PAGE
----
Personalising your code so others can’t plagiarise it so easily.

Ok, this may seem sneaky, but using another developers code as your own is far sneakier! It may also be prudent to add comments to code to try and catch those plagiarising your code, or using it for financial gain and infringing your intellectual property rights. Beyond commenting, you could also add a few “false” lines of code. I am all for sharing code or examining others code as a starting point or inspiration, but within that, you should <!–comment–> in a #reference to the original code and thus, credit the author.

 

Share code snippets with others so we can learn from your code and you from ours.Finally – join a forum! Learn, share, create, collaborate, ask, tell, say, question, expand. There are plenty of places to get involved. Stack Overflow is simply amazing and a must join for any budding or professional developer. Join “roughly 40 million developers who visit the site every month” and ask more than 8,000 questions a day! Another great resource is GitHub where you can share and collaborate.

I hope this article has gone some way in helping you understand the importance of Industry ethics and “good practice”. If it has…or hasn’t… please LIKESHARE or FEEDBACK the post. Thank you.

About the Author, – Dr Richard Haddlesey is the founder and Webmaster of English Medieval Architecture in which he gained a Ph.D. in 2010 and holds Qualified Teacher Status relating to I.C.T. and Computer Science. Richard is a professional Web Developer and Digital Archaeologist and holds several degrees relating to this. He is passionate about the dissemination of research and advancement of digital education and Continued Professional Development #CPD. Driven by a desire to better prepare students for industry, Richard left mainstream teaching to focus on a career in tutoring I.T. professionals with real industry ready skills that matter at The Training Room.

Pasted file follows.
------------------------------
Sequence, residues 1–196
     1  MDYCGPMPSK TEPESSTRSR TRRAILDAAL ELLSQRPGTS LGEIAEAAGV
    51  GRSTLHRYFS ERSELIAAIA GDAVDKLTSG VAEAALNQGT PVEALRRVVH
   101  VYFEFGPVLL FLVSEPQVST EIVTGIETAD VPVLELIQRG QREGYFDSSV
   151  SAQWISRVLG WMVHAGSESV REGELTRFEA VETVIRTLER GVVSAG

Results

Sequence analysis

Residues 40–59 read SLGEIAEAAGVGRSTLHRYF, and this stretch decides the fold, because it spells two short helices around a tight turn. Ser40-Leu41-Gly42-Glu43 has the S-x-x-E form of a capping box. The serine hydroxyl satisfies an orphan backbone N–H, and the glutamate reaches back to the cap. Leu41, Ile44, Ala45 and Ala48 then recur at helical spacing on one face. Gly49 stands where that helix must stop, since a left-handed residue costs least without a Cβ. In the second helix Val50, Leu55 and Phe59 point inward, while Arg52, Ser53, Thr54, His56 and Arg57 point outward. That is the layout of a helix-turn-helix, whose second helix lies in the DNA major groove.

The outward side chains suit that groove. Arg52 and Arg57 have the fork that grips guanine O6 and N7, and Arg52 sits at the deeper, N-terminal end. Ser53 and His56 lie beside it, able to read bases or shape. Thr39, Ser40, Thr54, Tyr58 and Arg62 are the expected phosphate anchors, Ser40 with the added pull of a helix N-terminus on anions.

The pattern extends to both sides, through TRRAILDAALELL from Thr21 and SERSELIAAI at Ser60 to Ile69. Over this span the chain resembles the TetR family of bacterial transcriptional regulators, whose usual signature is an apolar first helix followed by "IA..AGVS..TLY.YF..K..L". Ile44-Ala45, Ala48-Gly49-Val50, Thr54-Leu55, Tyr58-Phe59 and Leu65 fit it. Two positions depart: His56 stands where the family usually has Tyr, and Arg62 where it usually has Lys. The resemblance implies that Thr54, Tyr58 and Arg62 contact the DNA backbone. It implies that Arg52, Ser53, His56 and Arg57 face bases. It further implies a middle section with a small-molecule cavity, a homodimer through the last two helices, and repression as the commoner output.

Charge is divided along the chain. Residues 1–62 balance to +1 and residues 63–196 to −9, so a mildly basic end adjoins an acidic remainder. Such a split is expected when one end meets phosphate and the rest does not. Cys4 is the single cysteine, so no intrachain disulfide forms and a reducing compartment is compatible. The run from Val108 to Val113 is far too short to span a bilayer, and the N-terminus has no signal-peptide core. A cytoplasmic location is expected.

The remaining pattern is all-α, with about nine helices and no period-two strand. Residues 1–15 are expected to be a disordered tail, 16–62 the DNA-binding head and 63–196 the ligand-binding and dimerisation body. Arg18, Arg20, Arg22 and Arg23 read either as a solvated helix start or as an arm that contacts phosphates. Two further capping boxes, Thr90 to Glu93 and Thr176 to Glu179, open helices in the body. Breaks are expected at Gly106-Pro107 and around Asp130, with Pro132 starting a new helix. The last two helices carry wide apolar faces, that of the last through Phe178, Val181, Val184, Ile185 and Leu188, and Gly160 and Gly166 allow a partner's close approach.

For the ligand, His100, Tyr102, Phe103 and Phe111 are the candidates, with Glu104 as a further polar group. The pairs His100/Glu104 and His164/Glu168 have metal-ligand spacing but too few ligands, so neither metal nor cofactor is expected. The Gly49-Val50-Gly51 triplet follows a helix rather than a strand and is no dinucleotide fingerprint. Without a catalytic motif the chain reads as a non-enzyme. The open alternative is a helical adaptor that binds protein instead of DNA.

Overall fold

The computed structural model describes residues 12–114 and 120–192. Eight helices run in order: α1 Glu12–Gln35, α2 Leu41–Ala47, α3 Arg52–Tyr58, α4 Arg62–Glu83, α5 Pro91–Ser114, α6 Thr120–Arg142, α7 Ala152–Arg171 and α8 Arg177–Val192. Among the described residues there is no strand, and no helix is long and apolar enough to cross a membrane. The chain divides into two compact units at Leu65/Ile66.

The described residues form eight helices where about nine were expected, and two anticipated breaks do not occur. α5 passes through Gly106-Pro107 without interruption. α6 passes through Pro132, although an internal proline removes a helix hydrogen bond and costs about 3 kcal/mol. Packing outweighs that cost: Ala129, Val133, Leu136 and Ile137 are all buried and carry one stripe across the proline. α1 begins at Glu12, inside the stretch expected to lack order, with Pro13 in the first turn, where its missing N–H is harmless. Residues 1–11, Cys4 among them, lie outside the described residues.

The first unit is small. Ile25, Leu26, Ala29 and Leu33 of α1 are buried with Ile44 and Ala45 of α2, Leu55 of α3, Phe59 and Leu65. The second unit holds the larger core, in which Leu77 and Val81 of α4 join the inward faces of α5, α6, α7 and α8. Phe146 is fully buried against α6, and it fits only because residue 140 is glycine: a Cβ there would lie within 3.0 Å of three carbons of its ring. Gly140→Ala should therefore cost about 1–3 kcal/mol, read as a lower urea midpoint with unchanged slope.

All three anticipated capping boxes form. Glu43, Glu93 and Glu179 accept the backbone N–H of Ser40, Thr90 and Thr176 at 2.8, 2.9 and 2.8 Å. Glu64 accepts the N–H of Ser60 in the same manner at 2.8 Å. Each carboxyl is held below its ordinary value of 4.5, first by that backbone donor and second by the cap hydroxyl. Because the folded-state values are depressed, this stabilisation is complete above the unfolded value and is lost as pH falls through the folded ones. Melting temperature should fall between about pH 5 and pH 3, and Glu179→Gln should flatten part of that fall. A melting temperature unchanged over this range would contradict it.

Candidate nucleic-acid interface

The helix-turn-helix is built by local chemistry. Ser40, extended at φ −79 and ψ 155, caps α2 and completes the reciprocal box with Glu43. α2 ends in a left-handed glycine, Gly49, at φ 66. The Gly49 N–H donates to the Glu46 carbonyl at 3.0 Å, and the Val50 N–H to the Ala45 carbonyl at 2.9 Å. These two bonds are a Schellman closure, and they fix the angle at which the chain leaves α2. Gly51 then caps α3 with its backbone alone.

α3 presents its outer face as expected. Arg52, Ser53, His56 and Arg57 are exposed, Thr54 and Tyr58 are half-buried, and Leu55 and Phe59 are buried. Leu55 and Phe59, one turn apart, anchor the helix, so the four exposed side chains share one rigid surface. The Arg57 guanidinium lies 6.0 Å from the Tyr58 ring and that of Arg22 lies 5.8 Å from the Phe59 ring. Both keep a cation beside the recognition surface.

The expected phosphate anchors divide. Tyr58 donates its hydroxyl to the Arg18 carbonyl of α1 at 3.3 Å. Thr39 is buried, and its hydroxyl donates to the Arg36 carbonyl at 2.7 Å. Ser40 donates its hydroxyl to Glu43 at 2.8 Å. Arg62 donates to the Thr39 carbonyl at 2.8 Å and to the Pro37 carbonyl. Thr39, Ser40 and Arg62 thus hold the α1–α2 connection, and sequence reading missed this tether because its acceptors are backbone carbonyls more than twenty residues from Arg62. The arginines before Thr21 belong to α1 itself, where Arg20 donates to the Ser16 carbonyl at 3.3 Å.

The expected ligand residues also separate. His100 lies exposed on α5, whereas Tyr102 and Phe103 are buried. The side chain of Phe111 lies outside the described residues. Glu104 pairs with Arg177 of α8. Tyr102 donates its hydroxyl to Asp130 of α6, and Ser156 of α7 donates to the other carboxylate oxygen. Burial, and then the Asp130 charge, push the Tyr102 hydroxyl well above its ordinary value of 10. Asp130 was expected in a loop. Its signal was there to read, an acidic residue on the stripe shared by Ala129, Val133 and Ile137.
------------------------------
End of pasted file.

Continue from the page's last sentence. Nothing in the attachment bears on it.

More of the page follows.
#ttrIT #ttrcareerinIT #ttrLearnToCode

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Crossing the Digital Platforms in WebDev

HTML5, CSS3 and JavaScript undoubtedly make creating cross-platform websites, but it is still essential Web Developers/Designers thoroughly test their sites before making them “live”.

Most websites will have been designed and built on a P.C., MAC or laptop, but increasingly they are being viewed on tablets and mobiles. This is often overlooked. As a teacher of computer science, we would often ask students to login to a site, or interact with a site to do some homework etc. Increasingly, students would reply – “we couldn’t get the website to work on my mum’s tablet or my phone sir”. “Don’t you have a laptop or computer at home”? “No sir, we don’t need one”.

Granted, it tends to be the youth that prefers mobile devices, but in 2016 the amount of people accessing the web via mobiles and tablets surpassed users of laptops (hallaminternet). It is also fair to assume that not everyone wants to download and install another mobile app that they will barely use. Therefore, it is crucial that as web developers/designers, that we create responsive sites that transfer the content to any platform without the need for the user to resize the site’s content. Even if CSS3 is not your strength, there does exist plenty of responsive templates on the net. Some of these – TEMPLATED – are provided free of charge and royalty free (providing you reference them). Even as a “seasoned pro” basing code on pre-existing templates saves time and can be used to show the client quickly what to expect before you commit to the lengthy process of bespoke coding. I am certainly not suggesting we plagiarise, but if we use templates and comment on our code professionally, I see no harm. As a pro, you should be able to delve into the code and personalise and change the content anyway, it is just a useful starting point.

Anyway, I digress a little. Back to the main thread. I am hoping that – using HTML5, CSS3 and JS – we can move away from mobile specific content, and more towards a responsive page that will display the same content optimised to the device, it is viewed on. This is will help greatly with “branding” and provide a consistent experience for the user. It also means the developer just needs to design each page once and apply a CSS to it, rather than make several iterations of a page designed to display on different devices.

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I hope this article has gone some way in helping you understand the importance of UPDATES. If it has…please LIKESHARE or FEEDBACK the post. Thank you.